For the first phase, the suggestion was to use Procedural Coordination Mechanisms (“PCM”) as a trial. PCM are rules which coordinate insolvency processes of various group companies without interfering with the division of assets and substantive creditors’ claims of each group company. According to the report, PCM lowers costs and clubs the time which gets reduced if different insolvency processes are followed. It consists of the following elements (a) financial or operational creditors, or group companies themselves may file a joint application against all CDs that have defaulted and are part of a group. Apart from reducing the need to manage multiple applications across different forums, it encourages the coordination among different group companies.  (b) where multiple courts and insolvency representatives are involved, they be mandated to cooperate, communicate, and share information with one another in order to effectively administer various proceedings. (c)  insolvency proceedings may be handled by a single NCLT to avoid conflicting orders and to facilitate hearings. (d) only multiple RPs may be appointed for different companies if the appointment of a single RP would result in a potential conflict of interest, or the same RP would not have sufficient resources to carry out his/her duties in respect of multiple appointments.  (e) a group CoC be formed at the discretion of the CoCs of each group company. The composition, constitution, and costs of such group creditors’ committee may be decided contractually between the CoCs of a corporate group. (f) group entities must complete CIRP within the extended time frame of 420 days, i.e., 330 + 90 additional days.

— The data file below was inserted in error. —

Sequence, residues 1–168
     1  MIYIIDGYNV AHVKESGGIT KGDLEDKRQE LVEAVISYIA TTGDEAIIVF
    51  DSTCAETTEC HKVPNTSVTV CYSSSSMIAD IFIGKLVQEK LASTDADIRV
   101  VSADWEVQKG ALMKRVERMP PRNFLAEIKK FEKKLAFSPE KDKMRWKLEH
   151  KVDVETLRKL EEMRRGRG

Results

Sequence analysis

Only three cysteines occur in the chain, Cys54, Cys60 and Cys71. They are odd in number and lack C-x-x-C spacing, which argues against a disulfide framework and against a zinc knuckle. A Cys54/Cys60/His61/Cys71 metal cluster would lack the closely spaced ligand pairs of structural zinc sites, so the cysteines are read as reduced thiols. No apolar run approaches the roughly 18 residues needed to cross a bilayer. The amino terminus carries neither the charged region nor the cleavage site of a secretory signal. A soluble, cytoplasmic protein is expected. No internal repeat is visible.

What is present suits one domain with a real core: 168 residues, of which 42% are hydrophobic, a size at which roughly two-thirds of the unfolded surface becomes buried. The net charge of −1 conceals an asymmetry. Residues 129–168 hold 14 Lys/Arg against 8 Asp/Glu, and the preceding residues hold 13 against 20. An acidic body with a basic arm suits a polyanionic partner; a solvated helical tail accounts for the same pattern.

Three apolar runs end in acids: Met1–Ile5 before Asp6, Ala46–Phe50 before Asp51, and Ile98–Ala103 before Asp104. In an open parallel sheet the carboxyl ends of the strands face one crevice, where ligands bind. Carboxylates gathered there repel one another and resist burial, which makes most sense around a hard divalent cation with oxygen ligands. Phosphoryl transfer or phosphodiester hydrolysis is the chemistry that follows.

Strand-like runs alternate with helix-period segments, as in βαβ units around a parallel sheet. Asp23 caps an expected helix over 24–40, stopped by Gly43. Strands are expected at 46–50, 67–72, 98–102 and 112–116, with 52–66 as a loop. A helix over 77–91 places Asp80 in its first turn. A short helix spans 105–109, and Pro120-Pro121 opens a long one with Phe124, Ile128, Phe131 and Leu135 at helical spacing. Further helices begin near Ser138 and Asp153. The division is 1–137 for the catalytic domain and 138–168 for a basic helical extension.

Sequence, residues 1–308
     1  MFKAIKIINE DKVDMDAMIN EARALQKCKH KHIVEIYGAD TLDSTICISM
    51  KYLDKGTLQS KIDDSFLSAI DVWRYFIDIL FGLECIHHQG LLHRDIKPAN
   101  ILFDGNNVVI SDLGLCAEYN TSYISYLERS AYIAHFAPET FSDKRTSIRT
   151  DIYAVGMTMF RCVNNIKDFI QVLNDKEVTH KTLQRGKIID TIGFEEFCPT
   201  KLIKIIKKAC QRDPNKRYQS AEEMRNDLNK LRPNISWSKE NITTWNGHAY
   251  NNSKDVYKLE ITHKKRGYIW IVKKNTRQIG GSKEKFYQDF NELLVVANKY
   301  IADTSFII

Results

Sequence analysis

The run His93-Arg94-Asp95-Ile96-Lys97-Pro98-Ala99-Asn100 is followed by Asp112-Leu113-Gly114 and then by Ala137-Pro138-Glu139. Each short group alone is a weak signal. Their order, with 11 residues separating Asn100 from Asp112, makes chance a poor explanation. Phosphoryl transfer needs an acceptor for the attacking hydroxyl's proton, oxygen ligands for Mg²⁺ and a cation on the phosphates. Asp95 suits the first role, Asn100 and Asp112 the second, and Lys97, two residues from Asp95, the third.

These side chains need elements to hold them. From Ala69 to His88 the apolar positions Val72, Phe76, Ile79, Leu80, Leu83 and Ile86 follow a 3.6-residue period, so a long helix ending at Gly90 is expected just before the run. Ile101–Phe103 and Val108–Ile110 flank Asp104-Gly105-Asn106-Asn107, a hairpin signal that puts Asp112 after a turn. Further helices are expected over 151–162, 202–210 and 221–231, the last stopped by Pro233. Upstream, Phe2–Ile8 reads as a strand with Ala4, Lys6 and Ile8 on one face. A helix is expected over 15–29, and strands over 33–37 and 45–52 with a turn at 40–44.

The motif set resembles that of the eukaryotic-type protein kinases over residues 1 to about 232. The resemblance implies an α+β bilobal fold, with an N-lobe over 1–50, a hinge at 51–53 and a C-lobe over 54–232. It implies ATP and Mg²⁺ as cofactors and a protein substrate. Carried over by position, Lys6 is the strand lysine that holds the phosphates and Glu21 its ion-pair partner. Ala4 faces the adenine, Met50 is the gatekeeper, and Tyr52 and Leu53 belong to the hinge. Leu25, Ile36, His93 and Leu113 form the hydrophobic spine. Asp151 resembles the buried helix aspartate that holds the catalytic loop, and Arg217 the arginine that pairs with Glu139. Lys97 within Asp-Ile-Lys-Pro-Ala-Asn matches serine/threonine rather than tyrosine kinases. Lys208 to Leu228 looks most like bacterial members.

5.      Conclusion

The IBC does not include any provisions for group insolvency. However, a paradigm shift is required to transition from entity resolution to enterprise resolution. If adopted, the foregoing recommendations can assist courts in cases such as the IL&FS group, where NCLAT lifted the moratorium on offshore companies and 22 other companies in the group that could service their debt obligations despite the absence of any statutory regime under the IBC.  So, in other words, IBC requires an overhaul so specific statutory provisions are incorporated in order to give  NCLT more bite. If adopted and backed by statute, the Working Group’s recommendations will also aid NCLT in bringing creditors certainty, uniformity, and timely debt resolution, while the statutory regime under IBC will aid in the resolution of group companies effectively.


Rishub Kapoor

[1] Section 3 (12) IBC defines “default” as non-payment of debt by CD in part or whole, when became due and payable, Section 4 IBC prescribes the financial threshold to initiate insolvency proceedings i.e., default of Rs 10 million or about USD 121,000) or more by the CD. USD 1 = INR 82 and rounded off

[2] CA-1022(PB)/2018

[3] 2019 SCC Online NCLT 745

[4] MA 3664 of 2019 in CP 1765-1757&574/2018 on 26.02.2020

[5] [CA(AT) (INS) No. 919/2020 dated March 26, 2021

[6] 2019 SCC Online NCLAT 592

[7] Company Appeal (AT) No. 346 of 2018 dated June 22, 2021

[8] The report is available on  [last accessed on December 16, 2022]